US experts tracking wildlife trade help train Costa Rican customs inspectors
Late last year, security at Juan Santamaría International Airport outside of San José uncovered more than 400 live animals in the luggage of a German tourist named Maciej Oskroba. The find, the largest of its kind in 20 years, would have been worth thousands of euros on the European pet market. Oskroba’s ham-fisted attempt to sneak the animals out was easily foiled, but the wildlife trade is more often a bureaucratic challenge with officials scrutinizing paperwork instead of opening suitcases full of reptiles.
On Friday, customs and border inspectors in Costa Rica are wrapping up a two-day training session on enforcing the Convention on International Trade in Endangered Species of Wild Fauna and Flora, or CITES, an international wildlife trade regulatory agreement, with technical assistance from the U.S. Fish and Wildlife Service and the Department of the Interior. More than 20 customs inspectors and 10 officials from the National System of Conservation Areas attended the training event in the Costa Rican capital supported by the U.S. Embassy in San José. The training this week in Costa Rica was one of several across Central America and Panama.
The United States is one of the world’s largest importers of wild fauna and flora. Central America’s proximity to the U.S. makes it even more important for the region and U.S. customs officials to be on the same page when it comes to flora and fauna trade.
“As a consuming country, it’s incumbent on us to make sure that trade is happening legally and sustainably,” said Christina Kish, project manager with the International Technical Assistance Program of the U.S. Department of the Interior.
Kish said part of her job is to emphasize the impact of illegal wildlife trade from both environmental and security perspectives, noting that goods like ivory, for example, can be major sources of revenue for organized crime or terrorists.
“In countries where security, drugs and weapons are a high priority things like environment and wildlife get down at the bottom of the list,” Kish said. “We try to stress why it’s important.”
Sarita Valentin, an inspector with the U.S. Fish and Wildlife Service in Miami, said that she sees a large number of butterflies and reptile leather illegally imported from Central America. Seasonally, she said, officials also often see a spike in mammals being smuggled into the country by collectors or the pet market, but also for religious ceremonies in some cases.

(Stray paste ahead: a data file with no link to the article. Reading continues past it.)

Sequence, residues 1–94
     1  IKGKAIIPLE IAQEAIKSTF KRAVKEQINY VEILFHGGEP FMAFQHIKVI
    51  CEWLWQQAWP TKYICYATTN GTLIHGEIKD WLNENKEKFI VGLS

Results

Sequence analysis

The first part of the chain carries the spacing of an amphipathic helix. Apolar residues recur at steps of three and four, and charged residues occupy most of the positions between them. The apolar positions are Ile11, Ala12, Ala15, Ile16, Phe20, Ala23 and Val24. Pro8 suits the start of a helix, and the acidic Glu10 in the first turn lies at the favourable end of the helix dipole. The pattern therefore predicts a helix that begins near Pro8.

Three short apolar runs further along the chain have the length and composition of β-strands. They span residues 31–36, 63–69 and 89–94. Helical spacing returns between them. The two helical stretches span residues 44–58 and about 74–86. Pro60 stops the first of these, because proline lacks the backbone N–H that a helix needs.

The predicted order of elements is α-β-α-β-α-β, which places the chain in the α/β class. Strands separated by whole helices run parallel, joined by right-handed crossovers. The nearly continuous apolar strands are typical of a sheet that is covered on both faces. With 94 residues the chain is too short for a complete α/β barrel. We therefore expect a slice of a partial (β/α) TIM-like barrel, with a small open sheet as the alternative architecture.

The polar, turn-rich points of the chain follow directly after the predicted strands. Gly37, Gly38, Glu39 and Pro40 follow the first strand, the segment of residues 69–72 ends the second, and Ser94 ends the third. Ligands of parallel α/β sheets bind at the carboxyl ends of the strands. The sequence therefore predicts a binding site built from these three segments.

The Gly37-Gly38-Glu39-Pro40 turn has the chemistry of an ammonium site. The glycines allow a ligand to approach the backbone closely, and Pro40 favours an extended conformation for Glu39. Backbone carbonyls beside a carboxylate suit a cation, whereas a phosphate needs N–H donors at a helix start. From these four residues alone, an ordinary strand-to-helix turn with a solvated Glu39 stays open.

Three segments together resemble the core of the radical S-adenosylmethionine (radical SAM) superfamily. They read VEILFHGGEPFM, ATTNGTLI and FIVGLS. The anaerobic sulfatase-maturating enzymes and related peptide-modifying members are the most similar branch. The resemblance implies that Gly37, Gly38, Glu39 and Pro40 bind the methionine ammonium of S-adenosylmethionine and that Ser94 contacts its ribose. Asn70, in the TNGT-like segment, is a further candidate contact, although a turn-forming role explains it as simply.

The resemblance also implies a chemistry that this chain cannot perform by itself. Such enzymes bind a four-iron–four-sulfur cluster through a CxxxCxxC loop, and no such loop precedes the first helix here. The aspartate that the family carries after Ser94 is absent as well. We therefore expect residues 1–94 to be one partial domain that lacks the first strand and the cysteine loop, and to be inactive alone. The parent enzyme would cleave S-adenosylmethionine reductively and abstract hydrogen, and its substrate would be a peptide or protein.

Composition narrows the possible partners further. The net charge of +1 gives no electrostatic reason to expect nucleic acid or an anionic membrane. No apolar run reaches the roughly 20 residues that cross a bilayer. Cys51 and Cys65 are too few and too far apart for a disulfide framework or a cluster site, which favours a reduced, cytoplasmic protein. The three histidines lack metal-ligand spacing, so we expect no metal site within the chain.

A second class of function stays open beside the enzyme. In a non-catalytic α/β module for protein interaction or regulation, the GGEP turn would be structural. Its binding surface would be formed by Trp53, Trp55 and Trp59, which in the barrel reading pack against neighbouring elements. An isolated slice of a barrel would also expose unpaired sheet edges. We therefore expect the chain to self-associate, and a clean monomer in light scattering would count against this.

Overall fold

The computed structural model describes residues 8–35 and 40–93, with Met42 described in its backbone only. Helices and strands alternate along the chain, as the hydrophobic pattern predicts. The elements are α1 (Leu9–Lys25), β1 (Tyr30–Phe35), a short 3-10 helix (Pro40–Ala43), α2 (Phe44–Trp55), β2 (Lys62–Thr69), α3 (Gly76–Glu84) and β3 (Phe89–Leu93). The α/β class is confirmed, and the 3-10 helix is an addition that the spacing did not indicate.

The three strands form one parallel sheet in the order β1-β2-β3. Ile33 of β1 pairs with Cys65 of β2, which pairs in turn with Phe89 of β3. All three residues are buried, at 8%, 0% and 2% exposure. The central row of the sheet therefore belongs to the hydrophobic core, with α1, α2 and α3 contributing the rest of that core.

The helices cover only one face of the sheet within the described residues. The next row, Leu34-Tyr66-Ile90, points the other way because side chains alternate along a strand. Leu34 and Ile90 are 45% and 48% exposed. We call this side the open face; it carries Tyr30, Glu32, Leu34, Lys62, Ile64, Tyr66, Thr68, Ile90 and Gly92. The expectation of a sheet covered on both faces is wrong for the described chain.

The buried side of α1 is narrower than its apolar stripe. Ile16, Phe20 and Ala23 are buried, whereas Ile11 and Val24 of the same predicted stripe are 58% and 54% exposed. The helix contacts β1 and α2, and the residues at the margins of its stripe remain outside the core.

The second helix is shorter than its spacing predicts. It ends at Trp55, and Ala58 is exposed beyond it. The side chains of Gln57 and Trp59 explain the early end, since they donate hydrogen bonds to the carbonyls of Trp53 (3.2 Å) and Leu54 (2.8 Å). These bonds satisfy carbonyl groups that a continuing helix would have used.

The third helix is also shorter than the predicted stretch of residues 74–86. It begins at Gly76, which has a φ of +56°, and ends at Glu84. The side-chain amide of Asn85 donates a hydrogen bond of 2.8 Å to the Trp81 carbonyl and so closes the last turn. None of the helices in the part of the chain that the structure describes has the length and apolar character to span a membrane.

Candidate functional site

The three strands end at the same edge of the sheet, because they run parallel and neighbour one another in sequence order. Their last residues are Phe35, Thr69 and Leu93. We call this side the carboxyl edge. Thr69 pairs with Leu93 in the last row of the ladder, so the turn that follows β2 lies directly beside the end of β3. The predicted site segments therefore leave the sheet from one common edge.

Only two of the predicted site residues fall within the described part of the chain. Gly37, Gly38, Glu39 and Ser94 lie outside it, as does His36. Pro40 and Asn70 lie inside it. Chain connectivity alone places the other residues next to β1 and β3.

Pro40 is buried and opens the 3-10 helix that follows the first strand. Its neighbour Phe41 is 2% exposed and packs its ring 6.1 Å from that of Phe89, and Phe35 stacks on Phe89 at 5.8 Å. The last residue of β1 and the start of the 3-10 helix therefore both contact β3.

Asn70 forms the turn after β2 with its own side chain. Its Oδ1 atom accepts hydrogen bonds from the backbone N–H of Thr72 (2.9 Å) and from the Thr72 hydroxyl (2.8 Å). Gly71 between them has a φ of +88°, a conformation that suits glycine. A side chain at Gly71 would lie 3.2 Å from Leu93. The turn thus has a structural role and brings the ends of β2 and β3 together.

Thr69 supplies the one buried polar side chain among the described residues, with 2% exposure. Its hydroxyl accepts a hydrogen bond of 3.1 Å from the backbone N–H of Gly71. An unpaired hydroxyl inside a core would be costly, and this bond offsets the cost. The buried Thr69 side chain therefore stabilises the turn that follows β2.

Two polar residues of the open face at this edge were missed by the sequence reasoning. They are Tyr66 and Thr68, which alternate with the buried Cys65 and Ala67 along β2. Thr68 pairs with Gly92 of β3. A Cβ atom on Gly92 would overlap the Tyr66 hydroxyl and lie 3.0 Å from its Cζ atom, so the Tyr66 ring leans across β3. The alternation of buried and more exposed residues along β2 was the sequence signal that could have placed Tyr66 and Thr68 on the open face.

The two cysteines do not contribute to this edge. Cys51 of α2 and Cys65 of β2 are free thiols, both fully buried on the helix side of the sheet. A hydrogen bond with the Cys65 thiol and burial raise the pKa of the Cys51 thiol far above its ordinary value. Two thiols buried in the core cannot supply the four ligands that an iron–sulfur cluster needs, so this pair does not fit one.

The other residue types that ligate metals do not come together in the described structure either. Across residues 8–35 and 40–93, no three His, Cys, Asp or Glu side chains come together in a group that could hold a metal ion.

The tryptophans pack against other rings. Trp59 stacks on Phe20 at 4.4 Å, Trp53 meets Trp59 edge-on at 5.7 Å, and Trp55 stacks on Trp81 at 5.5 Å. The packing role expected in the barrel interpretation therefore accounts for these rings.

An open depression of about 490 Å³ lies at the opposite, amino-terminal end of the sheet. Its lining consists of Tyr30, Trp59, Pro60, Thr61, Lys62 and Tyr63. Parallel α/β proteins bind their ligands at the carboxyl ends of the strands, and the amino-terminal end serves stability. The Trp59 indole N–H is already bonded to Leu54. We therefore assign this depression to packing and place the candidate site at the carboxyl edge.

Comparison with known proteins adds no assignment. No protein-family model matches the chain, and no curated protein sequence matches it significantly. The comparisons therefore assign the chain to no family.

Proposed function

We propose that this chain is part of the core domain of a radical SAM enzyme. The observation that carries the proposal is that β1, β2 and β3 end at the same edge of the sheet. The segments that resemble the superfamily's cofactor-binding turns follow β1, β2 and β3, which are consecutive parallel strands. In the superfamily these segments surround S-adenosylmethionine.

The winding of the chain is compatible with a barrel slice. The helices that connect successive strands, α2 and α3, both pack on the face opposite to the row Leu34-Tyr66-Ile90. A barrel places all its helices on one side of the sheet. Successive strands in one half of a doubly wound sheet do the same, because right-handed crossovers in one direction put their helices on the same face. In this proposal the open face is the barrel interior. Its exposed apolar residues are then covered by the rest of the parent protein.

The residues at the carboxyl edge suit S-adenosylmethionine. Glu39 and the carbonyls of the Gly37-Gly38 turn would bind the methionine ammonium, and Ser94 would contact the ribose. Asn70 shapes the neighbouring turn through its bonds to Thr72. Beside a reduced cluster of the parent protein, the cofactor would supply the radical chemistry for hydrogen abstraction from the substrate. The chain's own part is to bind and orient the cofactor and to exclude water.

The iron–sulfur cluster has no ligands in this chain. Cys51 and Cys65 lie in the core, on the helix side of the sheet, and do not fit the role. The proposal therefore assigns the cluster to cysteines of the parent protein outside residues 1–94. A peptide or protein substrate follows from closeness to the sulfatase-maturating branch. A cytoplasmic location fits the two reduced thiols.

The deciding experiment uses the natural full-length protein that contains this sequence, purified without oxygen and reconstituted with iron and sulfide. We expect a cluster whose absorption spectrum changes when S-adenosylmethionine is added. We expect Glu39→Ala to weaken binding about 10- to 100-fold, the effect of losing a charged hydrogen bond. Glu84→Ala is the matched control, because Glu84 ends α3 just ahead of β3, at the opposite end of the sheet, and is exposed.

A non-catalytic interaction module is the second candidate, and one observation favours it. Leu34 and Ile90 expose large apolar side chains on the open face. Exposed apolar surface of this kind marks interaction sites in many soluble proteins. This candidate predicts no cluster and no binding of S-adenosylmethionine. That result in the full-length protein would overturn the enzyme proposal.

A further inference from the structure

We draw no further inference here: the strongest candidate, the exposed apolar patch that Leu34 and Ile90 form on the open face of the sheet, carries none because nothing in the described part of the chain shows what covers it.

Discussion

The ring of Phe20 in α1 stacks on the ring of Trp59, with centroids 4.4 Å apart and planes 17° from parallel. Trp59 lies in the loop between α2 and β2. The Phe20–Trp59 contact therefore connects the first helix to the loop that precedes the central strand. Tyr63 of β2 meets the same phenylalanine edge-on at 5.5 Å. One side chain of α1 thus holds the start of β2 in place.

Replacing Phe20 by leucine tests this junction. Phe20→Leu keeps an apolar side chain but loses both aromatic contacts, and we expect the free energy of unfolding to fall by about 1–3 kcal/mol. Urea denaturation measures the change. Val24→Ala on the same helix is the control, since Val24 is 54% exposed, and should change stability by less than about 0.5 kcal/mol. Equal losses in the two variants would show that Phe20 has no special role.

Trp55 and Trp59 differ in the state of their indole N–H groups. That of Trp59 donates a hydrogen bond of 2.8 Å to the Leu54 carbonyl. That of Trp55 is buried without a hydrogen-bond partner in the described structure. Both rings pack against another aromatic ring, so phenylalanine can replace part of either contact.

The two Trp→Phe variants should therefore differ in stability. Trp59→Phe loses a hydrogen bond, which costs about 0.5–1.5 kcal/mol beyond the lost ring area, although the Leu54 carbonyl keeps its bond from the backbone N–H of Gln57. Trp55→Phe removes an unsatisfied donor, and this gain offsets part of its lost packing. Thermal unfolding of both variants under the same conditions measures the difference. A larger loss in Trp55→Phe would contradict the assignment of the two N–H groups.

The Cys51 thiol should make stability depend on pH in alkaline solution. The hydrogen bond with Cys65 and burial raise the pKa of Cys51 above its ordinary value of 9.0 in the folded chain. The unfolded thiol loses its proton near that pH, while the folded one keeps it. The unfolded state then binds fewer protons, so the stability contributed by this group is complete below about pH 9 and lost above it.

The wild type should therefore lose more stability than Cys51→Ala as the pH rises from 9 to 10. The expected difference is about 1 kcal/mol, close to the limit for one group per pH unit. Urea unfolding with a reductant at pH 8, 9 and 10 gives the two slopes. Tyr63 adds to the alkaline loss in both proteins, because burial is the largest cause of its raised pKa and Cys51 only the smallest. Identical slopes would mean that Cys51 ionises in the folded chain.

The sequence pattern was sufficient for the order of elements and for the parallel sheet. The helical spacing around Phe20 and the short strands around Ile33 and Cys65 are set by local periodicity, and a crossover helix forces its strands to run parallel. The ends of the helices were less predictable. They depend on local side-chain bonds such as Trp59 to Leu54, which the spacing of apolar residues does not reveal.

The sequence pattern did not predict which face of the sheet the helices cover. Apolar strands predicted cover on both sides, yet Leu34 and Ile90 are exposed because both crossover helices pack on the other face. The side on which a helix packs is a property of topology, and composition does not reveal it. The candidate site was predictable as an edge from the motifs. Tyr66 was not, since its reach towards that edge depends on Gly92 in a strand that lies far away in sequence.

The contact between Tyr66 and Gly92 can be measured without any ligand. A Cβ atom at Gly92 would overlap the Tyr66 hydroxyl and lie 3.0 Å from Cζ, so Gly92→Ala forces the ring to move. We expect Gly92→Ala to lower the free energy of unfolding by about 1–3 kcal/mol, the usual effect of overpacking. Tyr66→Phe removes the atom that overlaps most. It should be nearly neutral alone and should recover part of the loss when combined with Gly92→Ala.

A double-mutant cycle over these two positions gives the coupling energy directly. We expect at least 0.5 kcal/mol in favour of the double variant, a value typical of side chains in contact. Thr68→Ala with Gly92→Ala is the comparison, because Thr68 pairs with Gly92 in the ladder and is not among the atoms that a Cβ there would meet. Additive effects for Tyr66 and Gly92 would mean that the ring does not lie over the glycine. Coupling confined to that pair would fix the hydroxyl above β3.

Part of the responsibility beyond assisting in CITES training is also informing the roughly one million U.S. tourists who visit Costa Rica annually about how their purchases abroad can affect wildlife and flora stocks.
“Tourism is a driver for wildlife demand,” Kish said. “Someone could buy a bracelet made of sea turtle shell in Central America, for example. It’s not a lot individually, but put that together with a lot of people buying trinkets and every one comes from a turtle shell. It’s a lot.”
Animal trafficking tends to catch the media’s attention, but Kish said that precious hardwoods from Latin America are increasingly in demand. Mahogany once was synonymous with luxury in the United States, but as it became more scarce over the years, other wood has risen in demand.
Costa Rican Environment Vice Minister Patricia Madrigal agreed. Madrigal said that cocobolo (Dalbergia retusa) – also known as black rosewood – has been smuggled into markets in India and China by organized crime. Dozens of people have been arrested in recent years here for illegally cutting down the endangered trees found in Guanacaste’s dry tropical forests. The hardwood is prized for its durability, dark reddish color and stability.
Another item of particular interest for Costa Rica covered under CITES is various species of shark fins. Madrigal defended the government’s decision in March to export 1,200 kilograms of shark fins – the equivalent of about 2,000 hammerhead sharks – allegedly harvested as bycatch, a move criticized by conservationists. Madrigal said the government’s non-determintal finding required by CITES determined the export would not harm shark stocks. Conservationists strongly disputed that claim, pointing out that the Costa Rican government lacked the data to back it up.
The legal responsibility for the shipment of animals or plants ultimately rests with the government, said Sarita Valentin of the U.S. Fish and Wildlife Service in Miami.
Governments are officially tasked with certifying items regulated under CITES, but some airlines have announced voluntary rules for what kinds of wildlife they will ship. In April, American Airlines announced it would no longer ship shark fins, a delicacy in Asia that has driven many Costa Rican sharks into endangered status. American, Delta, and United Airlines announced that they would no longer allow the shipment of lion, leopard, elephant, rhinoceros and buffalo hunting trophies, following the hunting death of one of Africa’s most iconic lions, Cecil, who was killed in Zimbabwe by a U.S. big-game hunter.
Department of the Interior project manager Christina Kish said that the existing laws on flora and fauna trafficking are robust but need trained staff and resources to enforce them effectively. CITES is often cited in regards to goods that are prohibited to trade but much of the convention deals with the regulation of legal wildlife trade, which can be an important source of income for a developing country.
“The volume of trade is overwhelming. It’s a challenge. We’re asking them to facilitate the legal trade but also to be hyper vigilant and detect all the illegal trade,” Kish said. “I don’t envy customs inspectors’ task.”
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